Grace being nonverbal has been a constant struggle and will continue to be. I wish there were answers. But true to form Grace is Grace. She’s ours and we love her. We love her on crying days and good days. Her presence in our family is no less because of her inability to talk. We will continue in our own way to figure out how to make sure she’s heard.

Joy

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S4300599Last week at this time Kevin, Grace, Graham, and I were just home from a family camp that serves special needs families. As part of the programming, the mom’s were all pulled together for some focused time.  In that time there was a comment made about the club of special needs motherhood.  Some of the women in that group joined voluntarily by adopting a child or children with special needs – others like me never anticipated being in the club; we were voluntold.

I’ve thought a lot about the club over the last week. I didn’t find it right away when Grace was diagnosed.  I caught glimpses of it when Grace was hospitalized on the epilepsy unit and we’d meet people and talk about epilepsy and seizures in this really frank way.  When Grace was little I felt much more held together by the professionals who assisted her through early access then I did by any kind of special needs community.  I think the intimacy of those professionals being in your home is part of that.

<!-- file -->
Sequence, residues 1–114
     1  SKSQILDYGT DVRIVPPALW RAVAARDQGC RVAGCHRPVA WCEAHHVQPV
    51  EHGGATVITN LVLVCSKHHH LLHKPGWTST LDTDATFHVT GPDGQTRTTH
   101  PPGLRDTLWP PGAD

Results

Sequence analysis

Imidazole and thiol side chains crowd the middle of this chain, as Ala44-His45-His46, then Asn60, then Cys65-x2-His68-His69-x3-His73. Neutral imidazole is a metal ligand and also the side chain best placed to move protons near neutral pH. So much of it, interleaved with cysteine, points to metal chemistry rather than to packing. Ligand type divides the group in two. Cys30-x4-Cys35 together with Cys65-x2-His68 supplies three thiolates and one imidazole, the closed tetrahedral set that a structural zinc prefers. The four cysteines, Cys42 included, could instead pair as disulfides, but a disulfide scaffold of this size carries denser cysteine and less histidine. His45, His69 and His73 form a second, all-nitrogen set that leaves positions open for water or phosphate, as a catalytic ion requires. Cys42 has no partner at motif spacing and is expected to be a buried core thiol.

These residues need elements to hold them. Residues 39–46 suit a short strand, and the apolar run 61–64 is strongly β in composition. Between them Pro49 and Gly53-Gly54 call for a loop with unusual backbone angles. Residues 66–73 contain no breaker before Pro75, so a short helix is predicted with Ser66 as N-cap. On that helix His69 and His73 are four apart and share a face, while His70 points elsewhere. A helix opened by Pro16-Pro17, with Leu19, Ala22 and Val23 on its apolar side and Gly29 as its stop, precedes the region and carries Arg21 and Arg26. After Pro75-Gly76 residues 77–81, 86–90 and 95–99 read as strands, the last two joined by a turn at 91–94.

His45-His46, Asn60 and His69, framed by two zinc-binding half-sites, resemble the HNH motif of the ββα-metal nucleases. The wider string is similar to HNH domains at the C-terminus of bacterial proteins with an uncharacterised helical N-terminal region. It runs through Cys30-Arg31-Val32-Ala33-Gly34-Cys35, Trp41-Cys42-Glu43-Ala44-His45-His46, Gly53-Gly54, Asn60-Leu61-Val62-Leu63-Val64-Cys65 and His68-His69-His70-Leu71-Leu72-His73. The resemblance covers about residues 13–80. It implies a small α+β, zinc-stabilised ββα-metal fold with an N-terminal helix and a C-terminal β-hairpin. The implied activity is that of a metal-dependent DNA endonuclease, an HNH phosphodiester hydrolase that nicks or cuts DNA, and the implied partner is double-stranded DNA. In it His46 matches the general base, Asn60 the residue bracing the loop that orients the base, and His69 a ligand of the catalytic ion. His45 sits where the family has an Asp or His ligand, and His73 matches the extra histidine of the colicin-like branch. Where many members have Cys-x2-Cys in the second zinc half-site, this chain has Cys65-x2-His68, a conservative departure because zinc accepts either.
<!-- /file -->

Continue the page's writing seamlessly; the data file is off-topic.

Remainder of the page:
I’ve since discovered that when I wasn’t looking the club seems to have formed around me.  This is heartbreaking and such a relief.

I grieve a little when a new mom joins the club. It’s not like there is a membership card – but a new diagnosis that grants you entry. This is a not an easy journey. And even with the club, it can be lonely.